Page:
7 Job Seeking Skills You Can Learn From Video Games

I adore video games.

I know what you’re thinking: How on earth can you relate video games to a job search? I believe that inspiration can be found just about anywhere, as long as you’re open to making the connections. And one of my favourite pass-times is certainly a source for inspiration.

I’ve been playing video games since I was four years old. This is one thing that has always made me stand out from my peers. Only recently have I learned that my years and years of video game knowledge has helped me to gain a few skills that set me apart.

So here goes, 7 job seeking skills that you can learn from video games:

1. Persistence. Have you ever tried to catch all of those Pokemon? Or run a profitable farm in Harvest Moon? Or reached 100% completion in a game? I have… and from these (virtual) experiences I have learned that persistence pays off. Don’t be afraid to keep sending out resumes, to contact potential employers, or to keep checking the job boards.

2. Networking. My all-time favourite DOS-game, God of Thunder, taught me that to speak to everyone that I meet. Talking to people in real life has similar benefits to those in your favourite RPG; you’ll forge new relationships, learn new things, and maybe even acquire something that you’ve long been looking for, like a contact or job interview. Don’t be afraid to letting your personality shine!

My favourite game as a 7 year-old-girl was God of Thunder… and it still is! (Image from NottFreki, click for source).

3. Problem solving. Remember all of those crazy-frustrating dungeons in the Legend of Zelda? Or maybe you’re more familiar with puzzles like Tetris or Bejeweled. At any rate, video games can help you hone the patience and resourcefulness needed to solve problems. Use these problem-solving skills to explore new opportunities such as industry-specific job sites, social networks like LinkedIn, or to research internships with companies that interest you.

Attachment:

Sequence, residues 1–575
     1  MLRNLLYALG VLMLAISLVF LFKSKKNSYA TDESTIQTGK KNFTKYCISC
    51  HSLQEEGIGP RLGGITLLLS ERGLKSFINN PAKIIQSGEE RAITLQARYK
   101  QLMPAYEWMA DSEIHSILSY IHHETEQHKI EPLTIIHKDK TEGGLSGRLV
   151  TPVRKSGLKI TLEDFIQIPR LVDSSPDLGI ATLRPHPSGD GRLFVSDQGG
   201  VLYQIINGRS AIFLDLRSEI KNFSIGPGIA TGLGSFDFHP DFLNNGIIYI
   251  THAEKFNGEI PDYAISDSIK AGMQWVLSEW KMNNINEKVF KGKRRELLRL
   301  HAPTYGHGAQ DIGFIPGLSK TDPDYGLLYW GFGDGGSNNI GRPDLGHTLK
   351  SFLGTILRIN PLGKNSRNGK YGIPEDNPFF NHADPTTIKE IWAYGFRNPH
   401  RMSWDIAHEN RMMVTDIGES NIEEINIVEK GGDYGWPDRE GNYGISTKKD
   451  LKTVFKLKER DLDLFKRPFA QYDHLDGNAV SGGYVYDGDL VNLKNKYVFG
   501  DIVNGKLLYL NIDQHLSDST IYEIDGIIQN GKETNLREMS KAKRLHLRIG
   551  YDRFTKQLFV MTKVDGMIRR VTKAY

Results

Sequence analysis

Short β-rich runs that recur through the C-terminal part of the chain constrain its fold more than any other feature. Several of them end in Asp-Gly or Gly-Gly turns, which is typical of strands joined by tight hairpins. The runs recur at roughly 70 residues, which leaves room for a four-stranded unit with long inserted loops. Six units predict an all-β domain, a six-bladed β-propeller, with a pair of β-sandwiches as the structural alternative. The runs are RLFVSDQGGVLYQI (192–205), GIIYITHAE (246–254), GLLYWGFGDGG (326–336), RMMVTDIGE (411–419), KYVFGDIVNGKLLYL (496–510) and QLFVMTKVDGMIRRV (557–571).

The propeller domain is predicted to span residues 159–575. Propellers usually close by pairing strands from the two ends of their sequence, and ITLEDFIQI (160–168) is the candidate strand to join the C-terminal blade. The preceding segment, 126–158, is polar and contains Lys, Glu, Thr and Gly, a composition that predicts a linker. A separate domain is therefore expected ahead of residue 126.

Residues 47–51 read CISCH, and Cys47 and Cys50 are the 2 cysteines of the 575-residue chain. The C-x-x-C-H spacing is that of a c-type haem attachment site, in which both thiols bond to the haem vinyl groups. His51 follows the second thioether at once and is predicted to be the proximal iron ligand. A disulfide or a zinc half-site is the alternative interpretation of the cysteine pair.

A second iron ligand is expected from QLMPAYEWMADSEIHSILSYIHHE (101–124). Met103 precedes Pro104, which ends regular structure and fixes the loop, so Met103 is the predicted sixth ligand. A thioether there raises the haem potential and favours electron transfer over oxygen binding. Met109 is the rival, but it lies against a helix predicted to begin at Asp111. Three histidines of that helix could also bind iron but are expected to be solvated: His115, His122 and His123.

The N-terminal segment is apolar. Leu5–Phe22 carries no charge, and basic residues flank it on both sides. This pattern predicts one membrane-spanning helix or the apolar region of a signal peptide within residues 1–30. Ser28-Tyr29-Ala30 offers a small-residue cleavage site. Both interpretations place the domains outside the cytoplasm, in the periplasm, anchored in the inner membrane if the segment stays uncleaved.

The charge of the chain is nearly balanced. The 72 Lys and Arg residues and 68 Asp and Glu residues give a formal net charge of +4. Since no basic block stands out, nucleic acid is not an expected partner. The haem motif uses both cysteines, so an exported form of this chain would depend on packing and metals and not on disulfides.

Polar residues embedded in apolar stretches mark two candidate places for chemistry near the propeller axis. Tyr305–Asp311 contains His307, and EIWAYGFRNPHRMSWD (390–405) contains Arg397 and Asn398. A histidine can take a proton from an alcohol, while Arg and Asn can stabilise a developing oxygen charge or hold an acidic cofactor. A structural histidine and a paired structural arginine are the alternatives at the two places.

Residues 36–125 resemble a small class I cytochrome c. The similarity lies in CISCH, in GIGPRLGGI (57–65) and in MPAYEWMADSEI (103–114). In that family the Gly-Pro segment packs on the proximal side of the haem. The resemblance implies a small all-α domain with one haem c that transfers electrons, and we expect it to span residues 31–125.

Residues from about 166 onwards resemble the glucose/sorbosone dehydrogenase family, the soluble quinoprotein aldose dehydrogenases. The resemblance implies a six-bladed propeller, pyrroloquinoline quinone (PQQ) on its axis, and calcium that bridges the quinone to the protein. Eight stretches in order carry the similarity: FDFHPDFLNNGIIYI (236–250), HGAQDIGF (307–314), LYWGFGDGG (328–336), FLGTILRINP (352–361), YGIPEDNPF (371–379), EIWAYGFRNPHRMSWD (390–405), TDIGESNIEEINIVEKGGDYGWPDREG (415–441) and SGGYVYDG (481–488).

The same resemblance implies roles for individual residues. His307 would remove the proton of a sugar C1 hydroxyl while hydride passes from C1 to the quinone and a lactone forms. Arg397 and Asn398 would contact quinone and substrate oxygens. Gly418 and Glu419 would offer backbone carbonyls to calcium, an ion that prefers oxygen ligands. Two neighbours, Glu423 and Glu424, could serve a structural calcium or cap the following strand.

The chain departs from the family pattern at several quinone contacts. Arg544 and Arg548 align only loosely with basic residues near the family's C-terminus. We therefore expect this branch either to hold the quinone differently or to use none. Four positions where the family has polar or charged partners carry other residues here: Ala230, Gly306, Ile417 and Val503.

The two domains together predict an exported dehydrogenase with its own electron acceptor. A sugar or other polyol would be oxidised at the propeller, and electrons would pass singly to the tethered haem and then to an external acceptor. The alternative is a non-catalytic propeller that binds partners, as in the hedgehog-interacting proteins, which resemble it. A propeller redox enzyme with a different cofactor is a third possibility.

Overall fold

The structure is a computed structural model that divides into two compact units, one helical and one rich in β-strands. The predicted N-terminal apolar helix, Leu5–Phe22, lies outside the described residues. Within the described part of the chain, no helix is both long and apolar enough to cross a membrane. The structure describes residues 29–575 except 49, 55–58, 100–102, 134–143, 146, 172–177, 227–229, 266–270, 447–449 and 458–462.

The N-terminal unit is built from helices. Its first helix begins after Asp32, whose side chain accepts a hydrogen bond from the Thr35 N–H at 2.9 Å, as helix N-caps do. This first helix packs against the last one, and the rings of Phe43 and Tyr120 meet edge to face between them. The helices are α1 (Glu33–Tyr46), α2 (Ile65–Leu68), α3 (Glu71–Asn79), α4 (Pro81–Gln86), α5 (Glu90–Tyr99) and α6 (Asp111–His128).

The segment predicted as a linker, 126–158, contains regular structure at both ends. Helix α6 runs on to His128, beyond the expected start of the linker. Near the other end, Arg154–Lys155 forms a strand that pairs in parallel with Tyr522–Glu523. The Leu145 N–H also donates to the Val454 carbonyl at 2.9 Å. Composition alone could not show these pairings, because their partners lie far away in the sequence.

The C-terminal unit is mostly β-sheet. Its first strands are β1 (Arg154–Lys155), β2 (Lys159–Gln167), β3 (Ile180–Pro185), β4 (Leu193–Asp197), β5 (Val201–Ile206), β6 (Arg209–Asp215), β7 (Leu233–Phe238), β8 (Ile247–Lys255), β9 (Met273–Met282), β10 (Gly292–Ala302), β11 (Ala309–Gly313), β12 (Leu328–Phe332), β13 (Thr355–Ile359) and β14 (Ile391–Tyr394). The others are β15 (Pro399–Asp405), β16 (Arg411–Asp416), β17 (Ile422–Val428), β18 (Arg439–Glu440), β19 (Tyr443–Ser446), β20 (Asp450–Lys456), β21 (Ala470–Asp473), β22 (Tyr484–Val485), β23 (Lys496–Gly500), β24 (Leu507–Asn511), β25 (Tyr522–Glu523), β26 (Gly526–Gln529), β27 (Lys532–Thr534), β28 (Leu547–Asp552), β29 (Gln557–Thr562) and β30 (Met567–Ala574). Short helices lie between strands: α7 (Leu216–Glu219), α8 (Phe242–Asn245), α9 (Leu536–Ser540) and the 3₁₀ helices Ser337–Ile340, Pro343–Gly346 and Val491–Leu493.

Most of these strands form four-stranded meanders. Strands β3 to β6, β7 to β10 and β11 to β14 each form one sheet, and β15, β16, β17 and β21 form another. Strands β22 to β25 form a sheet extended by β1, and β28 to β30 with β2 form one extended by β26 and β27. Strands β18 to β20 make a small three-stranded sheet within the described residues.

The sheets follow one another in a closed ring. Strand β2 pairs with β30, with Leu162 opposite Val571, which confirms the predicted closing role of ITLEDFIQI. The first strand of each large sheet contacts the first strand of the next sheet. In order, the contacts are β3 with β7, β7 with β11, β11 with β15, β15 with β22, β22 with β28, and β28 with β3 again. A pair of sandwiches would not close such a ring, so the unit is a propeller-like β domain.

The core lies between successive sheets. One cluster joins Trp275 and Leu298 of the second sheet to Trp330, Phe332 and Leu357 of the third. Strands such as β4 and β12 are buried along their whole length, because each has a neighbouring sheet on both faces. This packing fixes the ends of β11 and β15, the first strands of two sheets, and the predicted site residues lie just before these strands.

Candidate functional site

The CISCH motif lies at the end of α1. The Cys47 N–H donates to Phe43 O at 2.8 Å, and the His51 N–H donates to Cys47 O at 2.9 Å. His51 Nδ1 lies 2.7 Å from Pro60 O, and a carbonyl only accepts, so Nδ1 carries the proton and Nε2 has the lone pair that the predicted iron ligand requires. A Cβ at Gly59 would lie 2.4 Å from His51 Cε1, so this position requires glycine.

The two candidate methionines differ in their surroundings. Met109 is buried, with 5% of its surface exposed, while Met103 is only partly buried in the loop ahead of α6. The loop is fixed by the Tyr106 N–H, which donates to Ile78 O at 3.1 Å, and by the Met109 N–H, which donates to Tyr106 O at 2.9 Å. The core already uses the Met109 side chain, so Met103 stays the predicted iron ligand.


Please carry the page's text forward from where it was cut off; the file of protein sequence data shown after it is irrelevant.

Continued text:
4. Creativity. Have you tried Draw Something? Are you one of those people who thinks waaaaaayyyy outside the box to depict even simple concepts? Creativity is an excellent way to stand out in a sea of graduates. Use creativity to prepare for tough interview questions, to spice up your resume, or to designing a unique online portfolio.

This is the best example of an overly complicated Draw Something drawing – you can’t guess Pegasus without a full-blown Hercules sitting on his back! (I drew this…)

5. Take on tasks. In Harvest Moon (Tale of Two Towns), you’re able to take on requests in order to make a little money and to increase your friendship points with the residents of the two quarreling towns. Sound familiar? Taking on part-time or temporary employment in order to get your foot in the door is, in my opinion, a great way to get started in a career. Just make sure to do your best in order to build a reputation for excellent work!

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Looks like she’s checking out a job board to me! (From Harvest Moon: Tale of Two Towns)

6. Do your research.  You can’t predict every little detail about a game just by playing it. Sometimes it really pays off to do a little research beforehand in order to understand the main and secondary objectives. The same should apply in real life!  Researching a company before writing a cover letter or attending an interview will give you confidence and let your employer know that you are a serious candidate. It never hurts to be over-prepared, so make use of Google, Twitter, LinkedIn, and word of mouth to better understand who it is that you’re meeting. Never rely on instinct, do your research!

7. Relaxing and living in the moment. This is what video games are all about! When you focus all of your energy on your job search it’s easy to get worn out and frustrated. You don’t want to bring a negative attitude into a job interview! So relax, have some fun once in a while, and try to maintain a positive outlook. After-all, you only live once!

What else have I taken away from video games? Frighteningly quick bacteria-colony counting skills (I’m a biologist after-all), the importance of saving my work to avoid heart-break,  keen eye for minute details, and great computer skills. I bet you will have enhanced some skills after years of gaming too.

Are you a job seeker and a video game enthusiast? Do you have any skills to add to my list? I’d be pleased to hear what your thoughts on taking inspiration from video gaming!

Elle

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